Patient Partnered v. Patient Centered

February 15, 2023
Blog

As a patient, you always hear that a health system has “patient-centered care.” This term has seemingly monopolized hospital marketing recently – after all, who wouldn’t want their care to be all about them? At Ucardia, we pride ourselves on offering patient and provider partnered care. 

Originally, this term meant that we team up with the patients and providers we serve, and work together to achieve great patient outcomes. However, I’ve changed my perspective on the term “patient and provider partnered” due to one simple question I was asked recently. 

 

“What is your biggest concern and what is your goal for discharge?” 

This was the question posed to me by my son’s pediatrician when he was recently admitted to the hospital for a 5-day stay for a frightening acute illness. For days, I felt like no one was listening to me as a concerned parent. I felt as if my son’s providers were focused more on the numbers – his vitals and diagnostics – and less on the baby in front of them. Even though I am the expert on my child, my son’s care team acted like my experience had little to offer – as if they had every answer. 

This simple question – asking me about my concerns and goals – changed the trajectory of my son’s care and my confidence in the care team. I finally felt as if my son was being put first, instead of the clinical numbers on his medical chart. When I answered this question, the providers started to think about my son’s whole health history (including challenges he’d had since he was a newborn), instead of the limited data they had from just a few hours of hospital care. We brought our expertise – their extensive medical experience and my intimate understanding of my child – together for the betterment of my son. In my opinion, this is the true meaning of “patient and provider partnered care.”

Each patient has their own problems, goals, aspirations, and barriers. Importantly, these criteria may not be immediately obvious to the provider, or easily deduced through the medical record or even a patient intake form. As an exercise physiologist myself, I can say that sometimes we providers unconsciously focus on the data and make our own clinical assumptions for the patient. In reality, we should be asking our patients what their goals are and then support achieving these goals in the most clinically appropriate manner. If we are helping a patient achieve their own goals, the patient will be more invested in their own care and adherent to their care plan. If we want to provide the best care possible, we as providers need to open our ears to truly listen to the patient – then look at the data with this context in mind.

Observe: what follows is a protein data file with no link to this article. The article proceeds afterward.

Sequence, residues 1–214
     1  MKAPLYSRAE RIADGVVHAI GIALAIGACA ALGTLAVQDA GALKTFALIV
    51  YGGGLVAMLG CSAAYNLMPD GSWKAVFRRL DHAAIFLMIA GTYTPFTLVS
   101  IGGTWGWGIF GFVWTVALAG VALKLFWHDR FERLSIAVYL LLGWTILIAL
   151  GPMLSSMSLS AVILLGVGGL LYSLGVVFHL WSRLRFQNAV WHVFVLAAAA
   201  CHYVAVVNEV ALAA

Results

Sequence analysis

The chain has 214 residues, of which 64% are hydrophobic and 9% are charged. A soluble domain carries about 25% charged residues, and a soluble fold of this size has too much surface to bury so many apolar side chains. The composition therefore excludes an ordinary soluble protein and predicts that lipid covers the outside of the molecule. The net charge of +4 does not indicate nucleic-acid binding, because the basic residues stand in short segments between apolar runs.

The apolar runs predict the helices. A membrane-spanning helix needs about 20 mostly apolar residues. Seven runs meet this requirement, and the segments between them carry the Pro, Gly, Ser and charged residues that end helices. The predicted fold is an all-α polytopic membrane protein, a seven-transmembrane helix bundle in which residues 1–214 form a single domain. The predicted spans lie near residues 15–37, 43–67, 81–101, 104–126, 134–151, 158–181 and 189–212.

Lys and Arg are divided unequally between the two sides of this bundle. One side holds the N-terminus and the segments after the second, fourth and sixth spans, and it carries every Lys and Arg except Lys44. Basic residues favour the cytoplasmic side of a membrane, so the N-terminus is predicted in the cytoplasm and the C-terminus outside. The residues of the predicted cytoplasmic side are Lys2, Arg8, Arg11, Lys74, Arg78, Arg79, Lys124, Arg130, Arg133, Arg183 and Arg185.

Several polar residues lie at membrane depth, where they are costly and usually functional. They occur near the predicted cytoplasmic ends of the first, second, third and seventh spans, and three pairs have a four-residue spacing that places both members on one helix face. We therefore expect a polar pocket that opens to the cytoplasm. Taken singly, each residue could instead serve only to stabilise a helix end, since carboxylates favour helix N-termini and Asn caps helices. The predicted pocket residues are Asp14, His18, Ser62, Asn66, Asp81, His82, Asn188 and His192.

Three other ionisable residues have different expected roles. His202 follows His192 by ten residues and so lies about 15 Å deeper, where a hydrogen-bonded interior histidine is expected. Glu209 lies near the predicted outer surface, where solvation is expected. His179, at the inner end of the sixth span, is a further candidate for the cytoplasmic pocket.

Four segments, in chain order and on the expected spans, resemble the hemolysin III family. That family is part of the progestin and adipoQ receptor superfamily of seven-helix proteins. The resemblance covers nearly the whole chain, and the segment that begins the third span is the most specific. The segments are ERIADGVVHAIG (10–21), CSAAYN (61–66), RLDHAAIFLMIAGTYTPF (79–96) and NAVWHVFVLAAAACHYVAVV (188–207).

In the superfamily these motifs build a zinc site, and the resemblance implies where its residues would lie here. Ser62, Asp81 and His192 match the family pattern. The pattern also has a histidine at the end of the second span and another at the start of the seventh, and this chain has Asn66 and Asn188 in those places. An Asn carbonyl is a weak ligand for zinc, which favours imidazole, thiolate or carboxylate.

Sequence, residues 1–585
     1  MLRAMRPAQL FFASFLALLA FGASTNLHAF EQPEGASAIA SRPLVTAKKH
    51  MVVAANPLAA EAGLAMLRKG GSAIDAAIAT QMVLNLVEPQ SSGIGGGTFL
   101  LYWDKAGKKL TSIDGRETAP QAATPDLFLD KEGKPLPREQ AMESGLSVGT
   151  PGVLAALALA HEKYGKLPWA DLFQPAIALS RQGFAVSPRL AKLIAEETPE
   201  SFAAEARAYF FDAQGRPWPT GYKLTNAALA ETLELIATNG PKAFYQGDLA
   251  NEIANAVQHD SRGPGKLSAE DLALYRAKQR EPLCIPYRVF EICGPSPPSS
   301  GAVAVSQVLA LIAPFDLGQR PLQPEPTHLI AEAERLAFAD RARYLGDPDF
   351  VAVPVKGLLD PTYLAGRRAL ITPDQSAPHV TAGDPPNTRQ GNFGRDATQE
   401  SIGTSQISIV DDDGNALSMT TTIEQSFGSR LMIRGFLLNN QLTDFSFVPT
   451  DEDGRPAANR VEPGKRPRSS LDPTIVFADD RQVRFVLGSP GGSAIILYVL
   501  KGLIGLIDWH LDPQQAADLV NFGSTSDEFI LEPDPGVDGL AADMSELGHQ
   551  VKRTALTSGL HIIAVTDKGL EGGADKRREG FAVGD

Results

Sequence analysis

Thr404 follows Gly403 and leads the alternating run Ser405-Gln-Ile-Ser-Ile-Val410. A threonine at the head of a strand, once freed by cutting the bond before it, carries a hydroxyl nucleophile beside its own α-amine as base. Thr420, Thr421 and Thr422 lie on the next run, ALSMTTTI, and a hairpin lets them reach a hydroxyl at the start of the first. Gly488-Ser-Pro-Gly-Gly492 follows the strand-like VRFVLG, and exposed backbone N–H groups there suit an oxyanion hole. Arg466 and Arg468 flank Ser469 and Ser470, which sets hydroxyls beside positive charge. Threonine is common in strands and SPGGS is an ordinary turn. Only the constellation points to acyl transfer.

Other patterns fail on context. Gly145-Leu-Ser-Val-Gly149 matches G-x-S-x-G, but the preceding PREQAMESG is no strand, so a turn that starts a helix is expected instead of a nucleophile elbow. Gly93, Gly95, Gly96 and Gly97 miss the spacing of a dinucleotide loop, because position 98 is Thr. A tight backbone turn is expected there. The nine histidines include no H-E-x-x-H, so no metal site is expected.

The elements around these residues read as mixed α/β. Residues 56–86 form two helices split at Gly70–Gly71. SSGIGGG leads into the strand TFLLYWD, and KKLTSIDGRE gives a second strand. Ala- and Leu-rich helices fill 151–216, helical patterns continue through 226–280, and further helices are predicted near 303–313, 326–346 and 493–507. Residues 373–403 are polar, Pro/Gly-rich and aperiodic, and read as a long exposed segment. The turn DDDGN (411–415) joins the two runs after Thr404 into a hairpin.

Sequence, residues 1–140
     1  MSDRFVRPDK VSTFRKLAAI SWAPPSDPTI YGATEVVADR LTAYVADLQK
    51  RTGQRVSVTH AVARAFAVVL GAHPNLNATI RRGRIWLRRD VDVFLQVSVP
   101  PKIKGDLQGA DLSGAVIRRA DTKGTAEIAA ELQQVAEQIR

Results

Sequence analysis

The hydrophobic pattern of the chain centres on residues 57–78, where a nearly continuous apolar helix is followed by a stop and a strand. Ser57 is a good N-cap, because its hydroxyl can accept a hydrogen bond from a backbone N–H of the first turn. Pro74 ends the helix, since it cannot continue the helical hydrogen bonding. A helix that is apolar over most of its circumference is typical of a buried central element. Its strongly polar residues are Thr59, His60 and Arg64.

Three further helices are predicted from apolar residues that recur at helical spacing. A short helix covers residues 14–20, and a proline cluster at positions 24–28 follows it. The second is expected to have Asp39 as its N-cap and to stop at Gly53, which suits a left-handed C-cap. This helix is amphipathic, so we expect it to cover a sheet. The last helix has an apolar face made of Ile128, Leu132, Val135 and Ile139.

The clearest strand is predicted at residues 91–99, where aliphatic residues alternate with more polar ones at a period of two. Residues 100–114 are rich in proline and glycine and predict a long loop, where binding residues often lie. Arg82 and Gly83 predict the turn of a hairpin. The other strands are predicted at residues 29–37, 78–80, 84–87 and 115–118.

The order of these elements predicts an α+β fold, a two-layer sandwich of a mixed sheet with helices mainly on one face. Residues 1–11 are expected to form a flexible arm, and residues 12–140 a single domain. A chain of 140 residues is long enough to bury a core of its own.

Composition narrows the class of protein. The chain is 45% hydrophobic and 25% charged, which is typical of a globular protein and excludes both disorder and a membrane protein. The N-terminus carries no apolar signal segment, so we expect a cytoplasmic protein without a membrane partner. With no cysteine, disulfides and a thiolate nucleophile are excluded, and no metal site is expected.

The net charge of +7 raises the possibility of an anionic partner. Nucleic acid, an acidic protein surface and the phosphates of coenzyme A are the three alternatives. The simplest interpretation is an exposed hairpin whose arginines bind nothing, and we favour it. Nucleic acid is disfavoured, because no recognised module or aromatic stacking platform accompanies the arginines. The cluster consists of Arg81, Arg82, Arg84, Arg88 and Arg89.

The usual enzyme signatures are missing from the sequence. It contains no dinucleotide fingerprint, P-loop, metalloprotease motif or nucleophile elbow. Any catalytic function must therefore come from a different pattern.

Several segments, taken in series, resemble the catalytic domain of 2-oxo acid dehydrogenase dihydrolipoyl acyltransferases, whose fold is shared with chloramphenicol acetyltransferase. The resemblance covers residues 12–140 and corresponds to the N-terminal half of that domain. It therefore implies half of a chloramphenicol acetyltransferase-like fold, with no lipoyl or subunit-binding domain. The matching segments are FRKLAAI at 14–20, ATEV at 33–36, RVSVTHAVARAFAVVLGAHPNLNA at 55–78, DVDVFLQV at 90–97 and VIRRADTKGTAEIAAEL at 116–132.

As a team of care providers, Ucardia has a similar goal to truly listen to and partner with providers we work with. We are able to solve a number of challenges a provider could be facing in providing cardiac rehab – we always begin our conversations by listening to providers and their goals and barriers. We are able to help providers and other staff to be relieved of burdensome administrative tasks and free them to work at the top of their license (or certification). Our team is able to assist providers by offering additional hands to grow their cardiovascular rehabilitation program, and brainstorm resolutions to challenges both inside and outside of the brick and mortar setting. We can do these things and more in partnership with providers – by combining their expertise in facility-based care with our expertise as a provider of virtual cardiac rehab solutions. Together, we can provide the best patient-partnered care possible to a larger audience of patients.

 

Heart disease is a “forever” diagnosis – and each heart patient will have different day-to-day worries, challenges, and aspirations. To truly provide personalized cardiac care, we have to listen to patients, partner with them to adapt our program to their individual needs, and work together to create a lifelong heart healthy journey. To do otherwise would be to optimize for the clinical data, not the human being.